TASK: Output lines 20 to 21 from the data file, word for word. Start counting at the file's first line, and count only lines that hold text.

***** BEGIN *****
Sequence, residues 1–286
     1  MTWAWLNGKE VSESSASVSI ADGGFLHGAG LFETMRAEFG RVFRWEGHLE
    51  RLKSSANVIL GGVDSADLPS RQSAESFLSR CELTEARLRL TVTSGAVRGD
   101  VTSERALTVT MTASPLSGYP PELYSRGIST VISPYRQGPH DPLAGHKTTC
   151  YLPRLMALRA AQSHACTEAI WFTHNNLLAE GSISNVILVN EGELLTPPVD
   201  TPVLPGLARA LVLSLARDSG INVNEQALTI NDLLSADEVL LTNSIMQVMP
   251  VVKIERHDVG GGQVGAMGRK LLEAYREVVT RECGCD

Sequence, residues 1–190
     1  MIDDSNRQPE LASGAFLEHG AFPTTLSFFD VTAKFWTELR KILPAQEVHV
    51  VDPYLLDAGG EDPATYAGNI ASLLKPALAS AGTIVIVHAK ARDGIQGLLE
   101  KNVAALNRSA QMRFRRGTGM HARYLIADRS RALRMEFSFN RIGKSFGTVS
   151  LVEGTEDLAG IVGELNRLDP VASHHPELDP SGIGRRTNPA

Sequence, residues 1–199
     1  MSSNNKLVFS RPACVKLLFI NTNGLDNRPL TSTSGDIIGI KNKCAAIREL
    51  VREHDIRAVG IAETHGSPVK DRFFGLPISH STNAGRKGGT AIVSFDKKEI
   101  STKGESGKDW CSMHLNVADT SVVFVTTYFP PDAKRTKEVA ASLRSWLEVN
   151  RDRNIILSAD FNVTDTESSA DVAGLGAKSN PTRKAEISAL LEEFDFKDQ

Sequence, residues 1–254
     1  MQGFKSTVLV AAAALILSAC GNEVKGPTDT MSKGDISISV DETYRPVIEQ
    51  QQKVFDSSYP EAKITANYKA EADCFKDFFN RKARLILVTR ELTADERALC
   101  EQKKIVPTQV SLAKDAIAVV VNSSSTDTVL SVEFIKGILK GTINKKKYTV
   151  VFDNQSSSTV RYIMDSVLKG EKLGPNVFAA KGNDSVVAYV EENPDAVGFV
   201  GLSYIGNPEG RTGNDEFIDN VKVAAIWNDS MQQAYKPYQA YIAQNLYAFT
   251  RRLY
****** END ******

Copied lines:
    51  QQKVFDSSYP EAKITANYKA EADCFKDFFN RKARLILVTR ELTADERALC
   101  EQKKIVPTQV SLAKDAIAVV VNSSSTDTVL SVEFIKGILK GTINKKKYTV